In those days Mary arose and went with haste into the hill country, to a town in Judah, and she entered the house of Zechariah and greeted Elizabeth. And when Elizabeth heard the greeting of Mary, the baby leaped in her womb. And Elizabeth was filled with the Holy Spirit, and she exclaimed with a loud cry, "Blessed are you among women, and blessed is the fruit of your womb! And why is this granted to me that the mother of my Lord should come to me? For behold, when the sound of your greeting came to my ears, the baby in my womb leaped for joy. And blessed is she who believed that there would be a fulfillment of what was spoken to her from the Lord." And Mary said, "My soul magnifies the Lord, and my spirit rejoices in God my Savior, for he has looked on the humble estate of his servant. For behold, from now on all generations will call me blessed; for he who is mighty has done great things for me, and holy is his name. And his mercy is for those who fear him from generation to generation. He has shown strength with his arm; he has scattered the proud in the thoughts of their hearts; he has brought down the mighty from their thrones and exalted those of humble estate; he has filled the hungry with good things, and the rich he has sent away empty. He has helped his servant Israel, in remembrance of his mercy, as he spoke to our fathers, to Abraham and to his offspring forever."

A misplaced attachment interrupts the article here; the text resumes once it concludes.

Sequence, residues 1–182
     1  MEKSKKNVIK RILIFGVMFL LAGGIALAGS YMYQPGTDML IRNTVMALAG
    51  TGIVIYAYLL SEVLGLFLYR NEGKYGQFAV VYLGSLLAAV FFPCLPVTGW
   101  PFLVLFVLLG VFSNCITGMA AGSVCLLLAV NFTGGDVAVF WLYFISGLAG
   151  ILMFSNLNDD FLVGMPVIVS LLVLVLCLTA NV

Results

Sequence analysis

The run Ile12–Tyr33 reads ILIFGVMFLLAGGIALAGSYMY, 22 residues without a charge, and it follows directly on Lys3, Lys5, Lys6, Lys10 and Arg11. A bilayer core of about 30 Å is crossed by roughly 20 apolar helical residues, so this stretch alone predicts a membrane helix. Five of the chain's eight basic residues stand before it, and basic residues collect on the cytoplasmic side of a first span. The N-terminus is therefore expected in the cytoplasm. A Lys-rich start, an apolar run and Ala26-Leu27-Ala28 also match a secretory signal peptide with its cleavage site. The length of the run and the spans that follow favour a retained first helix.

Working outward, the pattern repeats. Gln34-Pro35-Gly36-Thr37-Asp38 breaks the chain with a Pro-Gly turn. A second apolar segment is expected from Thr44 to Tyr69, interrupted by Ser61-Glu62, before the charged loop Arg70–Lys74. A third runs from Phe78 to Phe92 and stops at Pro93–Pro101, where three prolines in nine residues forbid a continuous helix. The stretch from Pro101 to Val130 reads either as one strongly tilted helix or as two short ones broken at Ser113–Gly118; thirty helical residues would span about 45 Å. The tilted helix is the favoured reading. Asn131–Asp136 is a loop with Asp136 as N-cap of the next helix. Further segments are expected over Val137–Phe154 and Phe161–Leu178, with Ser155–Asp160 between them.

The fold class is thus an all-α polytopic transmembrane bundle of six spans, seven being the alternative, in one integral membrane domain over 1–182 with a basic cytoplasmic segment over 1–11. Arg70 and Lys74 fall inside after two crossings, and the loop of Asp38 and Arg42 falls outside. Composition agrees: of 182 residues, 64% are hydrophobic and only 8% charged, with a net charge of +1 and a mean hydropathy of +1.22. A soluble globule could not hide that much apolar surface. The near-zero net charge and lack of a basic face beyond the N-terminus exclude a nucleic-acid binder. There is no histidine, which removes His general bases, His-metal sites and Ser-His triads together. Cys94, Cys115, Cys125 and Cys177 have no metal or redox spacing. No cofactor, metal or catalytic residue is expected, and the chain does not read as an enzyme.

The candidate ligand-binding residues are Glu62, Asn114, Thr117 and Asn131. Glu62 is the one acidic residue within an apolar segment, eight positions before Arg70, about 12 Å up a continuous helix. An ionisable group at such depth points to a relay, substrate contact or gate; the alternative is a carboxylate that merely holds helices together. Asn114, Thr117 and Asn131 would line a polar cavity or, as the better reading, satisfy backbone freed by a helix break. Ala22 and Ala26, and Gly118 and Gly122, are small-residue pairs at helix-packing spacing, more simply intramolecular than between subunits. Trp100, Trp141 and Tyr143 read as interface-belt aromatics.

This is such an important and rich passage. Mary’s response is often called Mary’s Magnificat, meaning an utterance of praise. There is so much in this passage that could be commented on, but there are two things in particular which are certainly worth noting.
First, Mary begins by saying, “My soul magnifies the Lord, and my spirit rejoices in God my Savior.” Mary immediately knew that the child she was carrying inside was to be the salvation from God, the savior of the world. Not only would Jesus provide salvation for all humanity but would provide salvation for Mary herself. Mary recognized that even she was in need of salvation, of deliverance from sin.
The second important point from Mary’s Magnificat is that God’s “mercy is for those who fear him.” Salvation and eternal life are not for everyone automatically, but for those who tremble before the holiness of God, who are willing to acknowledge their sinfulness, acknowledge their need for a Savior, that Christ is that Savior, and then are willing to bow the knee to the lordship of Christ and say, “You’re the Lord and I’ll follow you the rest of my life and live in obedience to your commands.” For those willing to do that, for those who come to Christ in humble repentance, he exalts “those of humble estate” and fills “the hungry with good things.”
Jesus himself will later say, “I am the bread of life; whoever comes to me shall not hunger, and whoever believes in me shall never thirst” (Jn. 6:35). Only in Christ, only as we come to Christ by faith and embrace him as our God and Savior, will we find fullness of joy, eternal contentment, and unending satisfaction. This is the meaning of Christmas! This is what we celebrate during the Advent season.
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